How to Give Compliments When You Feel Awkward

Genuine compliments don't have to be awkward.
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Your best friend is wearing a new outfit you adore, but you feel awkward telling her how great she looks. You've never tasted such divine chicken parmigiana, but you can't tell your dad how much you appreciate the meal. Sometimes, it’s awkward giving a compliment. Maybe, it's because you don't know what to say, don't feel that the recipient will appreciate the compliment or maybe you're shy. If you find yourself holding back from giving a genuine compliment -- don't. You should always voice a sincere compliment, no matter how awkward it feels. Everyone appreciates praise and your compliment might brighten someone's day.

1 Live in the Present

We all have thousands of thoughts that flit through our minds. When you notice a positive thought about someone else -- share it with her. Some people are shy, which prevents them from living in the moment, says Indiana University Southeast Bernardo J. Carducci, Ph.D., in the "Psychology Today" article, "The Cost of Shyness." If this is you, start thinking more about the present and less about the past and future. Though this process is not easy and you will not change overnight, if you make an effort to be present and not judge yourself, it will become easier to give compliments.

2 Be Sincere

Sometimes, we worry that the other person might not receive our compliments well. You might think your friend will be embarrassed if you tell her that outfit is fantastic; or, maybe your dad will think you’re sarcastic about his great parmigiana. A person with low self-esteem is likely to reject a compliment, according to psychologist Guy Winch, in "Why Some People Hate Receiving Compliments," but most people will be happy to receive your praise. The best compliments are sincere, simple and specific, according to the Grand Valley State University article, "The Art of Giving Feedback and Compliments." If you have a genuine compliment to express to someone, don’t feel awkward -- regardless of the outcome. Compliments given without expecting anything in return are always worth sharing.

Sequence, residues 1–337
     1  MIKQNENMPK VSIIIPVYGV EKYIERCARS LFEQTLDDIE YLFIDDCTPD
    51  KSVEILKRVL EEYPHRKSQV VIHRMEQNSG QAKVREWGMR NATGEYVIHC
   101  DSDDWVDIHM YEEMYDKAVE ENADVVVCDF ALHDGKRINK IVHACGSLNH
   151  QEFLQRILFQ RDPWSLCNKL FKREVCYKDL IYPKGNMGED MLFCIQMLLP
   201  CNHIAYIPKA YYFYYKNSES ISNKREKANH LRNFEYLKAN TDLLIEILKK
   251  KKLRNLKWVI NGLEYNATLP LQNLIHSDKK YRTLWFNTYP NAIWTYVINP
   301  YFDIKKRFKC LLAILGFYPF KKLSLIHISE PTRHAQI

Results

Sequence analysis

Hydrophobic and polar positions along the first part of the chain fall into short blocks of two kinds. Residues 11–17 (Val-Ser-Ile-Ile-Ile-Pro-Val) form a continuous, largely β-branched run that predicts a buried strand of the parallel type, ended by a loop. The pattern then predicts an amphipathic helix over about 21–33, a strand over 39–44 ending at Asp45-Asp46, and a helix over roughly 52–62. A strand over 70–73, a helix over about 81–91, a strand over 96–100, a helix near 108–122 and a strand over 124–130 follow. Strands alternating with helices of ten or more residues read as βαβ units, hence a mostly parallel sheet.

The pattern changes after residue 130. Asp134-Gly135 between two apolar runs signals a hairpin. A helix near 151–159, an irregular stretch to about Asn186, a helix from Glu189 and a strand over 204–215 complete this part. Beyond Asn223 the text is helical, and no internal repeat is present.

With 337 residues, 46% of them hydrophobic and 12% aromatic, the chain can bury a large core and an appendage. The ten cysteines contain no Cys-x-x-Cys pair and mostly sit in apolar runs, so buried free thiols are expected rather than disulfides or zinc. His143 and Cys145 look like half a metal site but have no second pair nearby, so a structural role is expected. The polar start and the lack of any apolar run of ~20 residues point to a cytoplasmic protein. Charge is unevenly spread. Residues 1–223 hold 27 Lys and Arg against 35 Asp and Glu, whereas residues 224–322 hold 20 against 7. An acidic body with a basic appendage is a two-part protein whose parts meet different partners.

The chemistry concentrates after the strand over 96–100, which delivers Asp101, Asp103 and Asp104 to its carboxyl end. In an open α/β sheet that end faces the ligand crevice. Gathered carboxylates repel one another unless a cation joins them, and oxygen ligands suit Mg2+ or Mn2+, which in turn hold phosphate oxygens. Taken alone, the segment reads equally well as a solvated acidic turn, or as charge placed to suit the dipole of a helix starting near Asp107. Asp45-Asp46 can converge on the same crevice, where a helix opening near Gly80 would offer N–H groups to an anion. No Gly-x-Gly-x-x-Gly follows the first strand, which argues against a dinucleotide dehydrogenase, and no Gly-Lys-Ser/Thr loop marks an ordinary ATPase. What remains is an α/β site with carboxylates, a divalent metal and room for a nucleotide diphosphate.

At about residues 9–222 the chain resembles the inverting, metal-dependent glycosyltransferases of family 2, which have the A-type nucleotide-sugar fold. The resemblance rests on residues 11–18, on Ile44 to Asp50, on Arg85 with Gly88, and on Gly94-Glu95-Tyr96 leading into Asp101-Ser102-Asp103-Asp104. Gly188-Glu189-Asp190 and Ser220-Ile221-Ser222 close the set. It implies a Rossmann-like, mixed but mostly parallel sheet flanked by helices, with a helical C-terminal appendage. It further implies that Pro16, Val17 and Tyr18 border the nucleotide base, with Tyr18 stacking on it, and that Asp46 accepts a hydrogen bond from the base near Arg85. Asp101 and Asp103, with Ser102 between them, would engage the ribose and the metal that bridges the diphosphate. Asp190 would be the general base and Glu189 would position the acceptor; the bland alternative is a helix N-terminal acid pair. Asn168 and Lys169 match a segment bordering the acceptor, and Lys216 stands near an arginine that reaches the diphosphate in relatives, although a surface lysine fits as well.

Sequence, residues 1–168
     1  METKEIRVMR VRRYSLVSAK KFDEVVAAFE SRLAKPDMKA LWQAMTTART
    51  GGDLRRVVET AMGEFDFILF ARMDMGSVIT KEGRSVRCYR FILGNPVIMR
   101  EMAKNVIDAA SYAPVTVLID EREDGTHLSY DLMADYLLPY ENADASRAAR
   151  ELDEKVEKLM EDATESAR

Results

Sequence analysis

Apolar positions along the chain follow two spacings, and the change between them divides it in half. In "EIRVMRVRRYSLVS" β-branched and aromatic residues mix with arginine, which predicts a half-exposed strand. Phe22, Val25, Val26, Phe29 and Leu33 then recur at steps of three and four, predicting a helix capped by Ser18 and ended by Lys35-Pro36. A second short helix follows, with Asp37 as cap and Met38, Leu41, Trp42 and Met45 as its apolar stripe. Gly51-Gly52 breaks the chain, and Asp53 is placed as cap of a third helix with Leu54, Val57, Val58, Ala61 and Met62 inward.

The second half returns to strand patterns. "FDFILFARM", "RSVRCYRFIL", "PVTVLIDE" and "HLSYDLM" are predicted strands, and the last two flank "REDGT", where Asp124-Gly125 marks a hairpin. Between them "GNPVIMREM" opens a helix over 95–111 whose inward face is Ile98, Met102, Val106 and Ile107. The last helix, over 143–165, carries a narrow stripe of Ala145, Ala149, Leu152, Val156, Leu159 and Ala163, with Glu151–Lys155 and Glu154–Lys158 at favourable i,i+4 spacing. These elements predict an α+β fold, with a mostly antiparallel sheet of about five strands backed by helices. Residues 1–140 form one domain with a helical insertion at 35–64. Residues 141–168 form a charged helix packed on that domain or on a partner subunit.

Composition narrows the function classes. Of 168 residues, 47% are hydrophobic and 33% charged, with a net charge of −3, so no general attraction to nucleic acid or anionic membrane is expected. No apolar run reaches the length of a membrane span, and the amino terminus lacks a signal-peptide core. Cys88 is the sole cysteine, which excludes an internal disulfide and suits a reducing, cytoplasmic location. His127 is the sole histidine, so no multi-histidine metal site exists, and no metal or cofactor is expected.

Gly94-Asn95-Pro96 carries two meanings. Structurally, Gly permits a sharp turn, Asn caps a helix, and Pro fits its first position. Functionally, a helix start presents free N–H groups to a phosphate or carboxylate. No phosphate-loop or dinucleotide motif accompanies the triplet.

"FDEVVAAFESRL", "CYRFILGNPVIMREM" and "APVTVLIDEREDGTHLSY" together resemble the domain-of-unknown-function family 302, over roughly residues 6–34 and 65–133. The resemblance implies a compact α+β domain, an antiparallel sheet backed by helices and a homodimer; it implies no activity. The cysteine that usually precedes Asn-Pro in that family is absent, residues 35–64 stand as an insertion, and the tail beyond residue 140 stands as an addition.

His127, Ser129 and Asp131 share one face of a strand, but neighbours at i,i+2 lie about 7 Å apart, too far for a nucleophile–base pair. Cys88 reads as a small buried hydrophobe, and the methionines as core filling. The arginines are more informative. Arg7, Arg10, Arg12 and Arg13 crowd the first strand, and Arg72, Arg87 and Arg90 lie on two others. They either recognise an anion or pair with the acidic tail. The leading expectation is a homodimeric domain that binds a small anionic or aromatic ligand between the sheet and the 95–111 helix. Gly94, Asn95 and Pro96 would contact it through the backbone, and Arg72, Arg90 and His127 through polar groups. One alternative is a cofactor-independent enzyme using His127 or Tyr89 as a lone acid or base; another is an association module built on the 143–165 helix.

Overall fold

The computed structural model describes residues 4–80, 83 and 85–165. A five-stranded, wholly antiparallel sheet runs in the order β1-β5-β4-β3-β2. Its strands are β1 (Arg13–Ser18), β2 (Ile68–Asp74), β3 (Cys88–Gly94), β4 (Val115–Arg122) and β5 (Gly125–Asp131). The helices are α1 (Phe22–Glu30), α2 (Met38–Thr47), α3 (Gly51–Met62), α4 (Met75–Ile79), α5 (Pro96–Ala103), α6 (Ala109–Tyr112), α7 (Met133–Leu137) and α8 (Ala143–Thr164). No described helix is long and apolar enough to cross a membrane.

3 Send it in Writing

If you feel awkward about sharing a compliment in person or if the setting isn’t right, send a written note. It is best to give a compliment in person and in a timely manner. When you take that first bite of your dad’s parmigiana, that's the moment to tell him that it was the best you’ve ever had. There are some situations, however, in which a written compliment makes sense. If a fellow classmate wrote a gripping account of his three-month exchange to France, send him an email and tell him how much you loved his story. If your Aunt Diane sent you an amazing hand-knit sweater for Christmas, send her a handwritten note complimenting her work. If you are feeling awkward about giving a compliment in person, consider whether the written word would serve the same person just as well.

4 Avoid Awkward Compliments

If you're feeling awkward about giving a compliment, you don’t want to make it worse by saying something inappropriate. In the "Psychology Today" article, "9 Types of Compliments and Why They Work (Or Not)," Susan Krauss Whitbourne advises against several types of "bad" compliments. Whitbourne suggests that you first make sure that what you are about to say is appropriate and not easily misunderstood. For example, saying to your dad, "You never make meals this tasty" implies that his cooking skills are not up to par. Telling your friend that she "looks better" in her outfit sends the message that she doesn't usually look good. Take care to think about the words that you are using to give a compliment -- and make sure the recipient will take your words the right way. If you follow this advice, your compliments will be less awkward, and you won't have to worry as much about how they will be received.

Arlin Cuncic has been writing about mental health since 2007, specializing in social anxiety disorder and depression topics. She served as the managing editor of the "Journal of Attention Disorders" and has worked in a variety of research settings. Cuncic holds an M.A. in clinical psychology.